Compromise in Chicago: Strike may be over

Chicago teachers have reached a tentative deal with Mayor Rahm Emanuel to end the weeklong strike. While details aren’t yet clear, it appears the mayor has compromised on a plan to tie 40 percent of teacher evaluations to growth in student test scores. Student performance will account for a smaller percentage of a teacher’s rating.

. . . the union won assurances that if a teacher is laid off because of a school closing, that teacher gets preference in hiring decisions in other schools as long as he or she has positive teacher evaluations.

It’s also believed teachers who receive poor evaluations will have more protections before being fired.

Teachers will vote on the deal over the weekend. It’s likely schools will reopen on Monday.

“Some Chicago teachers seem to think that they shouldn’t be held accountable until poverty is solved,” writes New York Times columnist Nicholas Kristof. Instead of asking for higher pay to attract better teachers, “the Chicago union seems to be using its political capital primarily to protect weak performers,” he writes. “There’s now solid evidence that there are huge differences in the effectiveness of teachers, even within high-poverty schools.”

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Comments

  1. In other words, Rahm’s their bitch. Despite all the moralizing by the pundits about the evil teacher’s union, it won. Unless I’m missing something?

    • Sure, the larger picture.

      The public perception of teachers has been on a glide path for a long time for precisely this sort of thing. Unions can’t do anything but continue to demand higher pay, better bennies and less accountability or what’s a union for so the future’s arrived – the descent of public perception of teachers is having political repercussions and not those favored by union members.

      If anything, the victory of the CTA is Pyrrhic in nature since it merely confirms – noisily and unequivocally – the reason for that drop-off in public regard for teachers. It may be have ramifications for Emmanual since, as the union’s bitch, he’s going to have one more bump on the road to a second term. How Emmanual’s bending over for the unions will play in the general election is also a worthwhile question.

    • What is means is that a lot of Chicagoans are ignorant of the repercussions of this deal and Rahm likely was pressured by public sentiment. Parents were fed up with having to arrange babysitting or having their kids home and wanted the problem to go away quickly…and Rahm is a politician that worships polls. And lets face it… if the parents are choosing to send their children to these schools, they’re likely not going to understand the finer points of the debate.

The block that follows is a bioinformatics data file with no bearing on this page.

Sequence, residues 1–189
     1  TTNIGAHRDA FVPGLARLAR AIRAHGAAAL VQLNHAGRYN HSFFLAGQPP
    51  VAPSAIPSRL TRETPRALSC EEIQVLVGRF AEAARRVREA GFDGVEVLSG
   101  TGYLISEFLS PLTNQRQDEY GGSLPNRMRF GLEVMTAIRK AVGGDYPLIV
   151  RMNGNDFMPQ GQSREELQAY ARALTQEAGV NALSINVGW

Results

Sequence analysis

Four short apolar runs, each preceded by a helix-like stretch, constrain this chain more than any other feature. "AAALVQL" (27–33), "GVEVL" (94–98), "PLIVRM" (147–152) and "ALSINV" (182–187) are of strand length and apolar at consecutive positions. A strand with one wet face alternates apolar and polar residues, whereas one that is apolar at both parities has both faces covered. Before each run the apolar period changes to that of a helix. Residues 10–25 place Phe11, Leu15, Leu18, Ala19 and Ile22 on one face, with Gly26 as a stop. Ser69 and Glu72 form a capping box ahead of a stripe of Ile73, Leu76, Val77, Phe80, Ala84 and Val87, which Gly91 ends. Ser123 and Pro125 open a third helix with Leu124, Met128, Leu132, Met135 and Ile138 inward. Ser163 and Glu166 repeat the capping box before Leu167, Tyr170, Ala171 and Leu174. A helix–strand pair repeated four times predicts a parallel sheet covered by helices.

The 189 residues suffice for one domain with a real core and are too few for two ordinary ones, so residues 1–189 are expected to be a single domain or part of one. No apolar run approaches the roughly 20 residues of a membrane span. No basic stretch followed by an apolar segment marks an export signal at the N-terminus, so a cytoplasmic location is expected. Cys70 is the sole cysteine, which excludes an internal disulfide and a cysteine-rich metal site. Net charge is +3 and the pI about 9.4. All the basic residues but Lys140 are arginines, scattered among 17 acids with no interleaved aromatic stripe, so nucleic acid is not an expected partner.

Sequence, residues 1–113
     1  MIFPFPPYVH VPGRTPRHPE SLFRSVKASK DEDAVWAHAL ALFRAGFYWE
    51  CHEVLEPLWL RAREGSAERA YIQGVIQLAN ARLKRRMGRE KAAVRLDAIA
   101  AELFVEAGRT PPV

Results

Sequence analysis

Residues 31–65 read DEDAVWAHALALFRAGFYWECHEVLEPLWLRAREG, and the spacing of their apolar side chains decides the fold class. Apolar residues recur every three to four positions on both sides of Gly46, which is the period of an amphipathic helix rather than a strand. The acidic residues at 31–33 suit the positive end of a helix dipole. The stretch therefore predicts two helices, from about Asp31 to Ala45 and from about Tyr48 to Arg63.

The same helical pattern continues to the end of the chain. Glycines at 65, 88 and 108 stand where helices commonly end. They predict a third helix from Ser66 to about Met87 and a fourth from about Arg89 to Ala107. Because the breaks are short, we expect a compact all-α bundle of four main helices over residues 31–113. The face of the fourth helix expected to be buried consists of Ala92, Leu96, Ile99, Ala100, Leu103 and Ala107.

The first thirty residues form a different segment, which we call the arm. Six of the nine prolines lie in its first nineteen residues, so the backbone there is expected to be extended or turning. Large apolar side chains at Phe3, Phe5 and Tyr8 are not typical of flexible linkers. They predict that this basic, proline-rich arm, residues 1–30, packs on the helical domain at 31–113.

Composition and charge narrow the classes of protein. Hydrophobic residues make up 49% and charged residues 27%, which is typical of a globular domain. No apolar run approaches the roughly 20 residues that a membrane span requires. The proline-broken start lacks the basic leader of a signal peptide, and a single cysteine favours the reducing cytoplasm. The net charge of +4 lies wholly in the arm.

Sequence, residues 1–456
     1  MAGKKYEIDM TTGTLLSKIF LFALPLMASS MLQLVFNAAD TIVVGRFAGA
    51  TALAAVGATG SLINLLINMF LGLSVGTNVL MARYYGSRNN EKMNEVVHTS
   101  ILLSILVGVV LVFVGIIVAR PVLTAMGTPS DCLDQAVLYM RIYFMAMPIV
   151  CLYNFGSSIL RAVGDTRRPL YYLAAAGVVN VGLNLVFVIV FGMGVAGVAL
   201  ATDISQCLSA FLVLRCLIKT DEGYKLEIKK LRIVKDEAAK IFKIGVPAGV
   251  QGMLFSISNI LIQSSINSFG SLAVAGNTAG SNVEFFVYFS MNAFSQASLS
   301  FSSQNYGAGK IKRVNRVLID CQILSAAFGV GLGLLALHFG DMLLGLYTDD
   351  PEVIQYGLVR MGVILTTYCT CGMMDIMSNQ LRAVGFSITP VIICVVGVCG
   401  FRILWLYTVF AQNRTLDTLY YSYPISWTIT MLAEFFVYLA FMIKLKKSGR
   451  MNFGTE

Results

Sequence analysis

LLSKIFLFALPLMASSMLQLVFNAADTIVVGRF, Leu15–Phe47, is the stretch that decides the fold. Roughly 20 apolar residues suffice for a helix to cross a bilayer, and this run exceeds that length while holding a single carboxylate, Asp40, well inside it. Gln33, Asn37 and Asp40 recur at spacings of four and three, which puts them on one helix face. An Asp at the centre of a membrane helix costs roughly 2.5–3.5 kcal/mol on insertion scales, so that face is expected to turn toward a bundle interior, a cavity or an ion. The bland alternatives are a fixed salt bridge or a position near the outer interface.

2. Stacy in NJ says:

    Like so many other large cities run by Democrats, Chicago is broke. Good luck to its citizens when they can no longer float their muni-bonds. The future of Chicago is Detroit. Good luck with that.

    • Bullshyt. Unlike Detroit, one of the strengths of Chicago’s economy is its incredible diversification. As usual with Stacy, if she can snark and blame it all on Democrats, she will.

      From wikipedia:
      Chicago has the third largest gross metropolitan product in the United States—approximately US$532 billion according to 2010 estimates,[80][81] after only the urban agglomerations of New York City and Los Angeles, in the first and second place, respectively. The city has also been rated as having the most balanced economy in the United States, due to its high level of diversification.[82] Chicago was named the fourth most important business center in the world in the MasterCard Worldwide Centers of Commerce Index.[83] Additionally, the Chicago metropolitan area recorded the greatest number of new or expanded corporate facilities in the United States for six out of the seven years from 2001 to 2008.[84] The Chicago metropolitan area has the third largest science and engineering work force of any metropolitan area in the nation.[85] In 2009, Chicago placed 9th on the UBS list of the world’s richest cities.[86] Chicago was the base of commercial operations for industrialists John Crerar, John Whitfield Bunn, Richard Teller Crane, Marshall Field, John Farwell, Morris Selz, Julius Rosenwald and many other commercial visionaries who laid the foundation for Midwestern and global industry.

      • Apparently the “incredible diversification” isn’t much of a defense against irresponsible spending which typifies so many larger cities. Chicago’s projected deficit for this year? $635 million projected to hit $800 million in two years.

        That’s against a $3.2 billion budget. Not as bad as the federal government but then Chicago can’t just print money.

      • Jab, you left out something from that article: “…In June 2012, Chicago had 391,000 unemployed with a 9.4% unemployment rate against a national average of 8.2%.[100]…In 2012, Chicago has the highest murder rate in the Alpha world cities with 19.4 murders per 100,000, compared to New York (6.0) and Los Angeles (7.5), and ahead of Mexico City, Moscow, and São Paulo.[118]”

        I’m sorry, but what was your point?

  3. Roger Sweeny says:

    Right now Chicago Public School teachers are legally required to live in the City of Chicago. However, they are not required to send their children to the Chicago Public Schools, and 39% do not.

    I wonder if that percentage will increase, decrease, or stay the same.